Science With Rocks

 Ready to add some geology activities to your day? 

Last week, I shared a list of 15 different ways that people use rocks. Now it's time to explore some hands-on science projects!

One of the first questions people ask about a rock is, "What is it?" So, start off your STEM projects by putting together a rock identification kit. Most rock identification kits include tools to test rocks and find out their properties. You can put your own kit together using these tips from The Barefoot Homeschooling Mom. 

A picture of an eyedropper and steel nails with an assortment of rocks.

Some rocks you can identify in a few easy steps using an acid test, a scratch test, or a density test. The scratch test is particularly helpful for finding out a rock's hardness and telling the difference between several common types of rocks. 

While the kits above use vinegar as their acid (for safety reasons), most scientists would use hydrochloric acid. If you are bored by the old vinegar and baking soda trick and are able to use a stronger acid safely, you can test sedimentary rocks by dripping hydrochloric acid on limestone to watch it fizz, using this experiment from Preschool Powol Packets.

If you have older kids and want to practice some math skills, you can also explore density in more depth by comparing several rocks to see which is denser, using this science lesson from Blog She Wrote.

Rockhounds and scientists alike often have to break rocks open to study them more closely. This post from Fantastic Fun & Learning discusses allowing even preschool kids to use real tools to break apart rocks for a hands-on activity. Fun tip: safety glasses are extremely important when you are breaking hard objects, but we've also found that covering the item in a cloth napkin or kitchen towel can keep pieces from flying everywhere, meaning less mess to clean up afterwards.

A picture of a rock and a hammer on a cloth napkin.

If you are teaching younger kids to use a rock hammer, you'll probably want to use softer rocks that will break or crumble relatively easily. You could use the scratch tests mentioned above to identify softer rocks like chalk or soapstone and use those for this experiment, or you can buy sets of geodes online and break those apart to see what crystals have formed inside the rocks.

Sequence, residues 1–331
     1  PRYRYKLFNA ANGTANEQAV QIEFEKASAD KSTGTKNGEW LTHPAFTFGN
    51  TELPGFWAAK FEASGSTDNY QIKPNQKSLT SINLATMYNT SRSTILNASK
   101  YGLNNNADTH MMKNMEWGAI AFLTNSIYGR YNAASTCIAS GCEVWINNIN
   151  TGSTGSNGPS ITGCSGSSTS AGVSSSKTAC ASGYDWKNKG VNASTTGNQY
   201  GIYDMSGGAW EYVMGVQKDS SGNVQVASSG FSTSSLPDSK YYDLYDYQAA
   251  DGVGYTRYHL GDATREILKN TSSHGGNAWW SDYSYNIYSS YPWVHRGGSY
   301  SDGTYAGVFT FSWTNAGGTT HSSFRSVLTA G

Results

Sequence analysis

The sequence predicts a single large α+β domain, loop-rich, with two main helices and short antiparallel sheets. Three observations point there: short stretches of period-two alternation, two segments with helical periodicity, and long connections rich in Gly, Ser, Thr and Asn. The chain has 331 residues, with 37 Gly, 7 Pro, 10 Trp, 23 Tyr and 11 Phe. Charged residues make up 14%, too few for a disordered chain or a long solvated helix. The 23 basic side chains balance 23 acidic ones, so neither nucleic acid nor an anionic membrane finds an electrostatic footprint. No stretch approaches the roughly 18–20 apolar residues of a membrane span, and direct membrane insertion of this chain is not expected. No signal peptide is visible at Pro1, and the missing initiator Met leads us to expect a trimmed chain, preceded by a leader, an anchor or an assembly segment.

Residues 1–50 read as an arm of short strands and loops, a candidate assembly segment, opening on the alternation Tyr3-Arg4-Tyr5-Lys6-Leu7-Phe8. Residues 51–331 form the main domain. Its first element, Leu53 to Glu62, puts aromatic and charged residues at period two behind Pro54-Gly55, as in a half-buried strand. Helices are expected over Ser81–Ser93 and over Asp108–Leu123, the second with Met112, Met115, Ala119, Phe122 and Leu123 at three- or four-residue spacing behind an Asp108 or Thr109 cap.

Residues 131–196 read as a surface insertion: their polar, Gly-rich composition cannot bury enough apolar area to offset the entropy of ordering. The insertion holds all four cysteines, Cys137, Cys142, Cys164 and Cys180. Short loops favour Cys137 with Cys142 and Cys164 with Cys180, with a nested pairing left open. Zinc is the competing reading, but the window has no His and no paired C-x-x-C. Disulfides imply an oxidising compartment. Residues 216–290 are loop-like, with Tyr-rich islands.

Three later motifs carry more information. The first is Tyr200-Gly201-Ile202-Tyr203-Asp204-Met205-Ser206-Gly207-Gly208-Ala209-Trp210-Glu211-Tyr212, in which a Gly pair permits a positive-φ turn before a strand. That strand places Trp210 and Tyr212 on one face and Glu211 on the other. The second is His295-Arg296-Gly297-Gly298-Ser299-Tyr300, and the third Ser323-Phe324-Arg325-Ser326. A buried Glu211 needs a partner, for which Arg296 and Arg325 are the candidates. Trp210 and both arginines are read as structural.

For older kids, you can use some of these suggestions for picking a good rock hammer and using it effectively. Plus, the safety tips always apply at any age!

It's not as loud or fast as breaking rocks with a hammer, but rocks on the surface of the earth are weathered or worn down over time by wind, rain, heat, and cold. This is usually a very slow process, but you can try weathering "rocks" yourself with this science experiment from Science Buddies.

Ready to make your own rocks? Practice creating your own metamorphic rocks using play dough or clay with this fun project from The Barefoot Homeschooling Mom. 

What about growing a geode? Table Life Blog explains how to use borax and eggshells to create crystalized "rocks."

Or, if you want to dive a bit deeper into rock formation, the National Park System explains how to use baking soda or Epsom salts to grow your own stalactites. If you want to dress this experiment up a bit, you can add food coloring, like we did in the image below. 

Two mason jars with a string between them as part of a science experiment.

Bonus points if you use this project to talk about capillary action and explain how the string draws the liquid out of the jar!

Finally, for a cooking project, party ideas, and a book club, check out Hide the Chocolate's nature book club on rocks

If you are looking for a more structured lesson plan focused on rocks, I recommend checking out Preschool Powol Packet's geology unit study.

To add a literacy unit, you can combine these science activities with a number of fun children's books. I've put together a list with all of my favorite children's books about rocks and geology. My picture book, Can a Rock Grow?, explores the shapes rocks form and the ways they change over time, and you can watch a read-aloud video of it below. You can find more information about it here, and even get a couple scavenger hunts and an activity page for creating your own rock journal.

What are your favorite rocks & geology projects? Share them in the comments! I'd love to try them out with my own kids!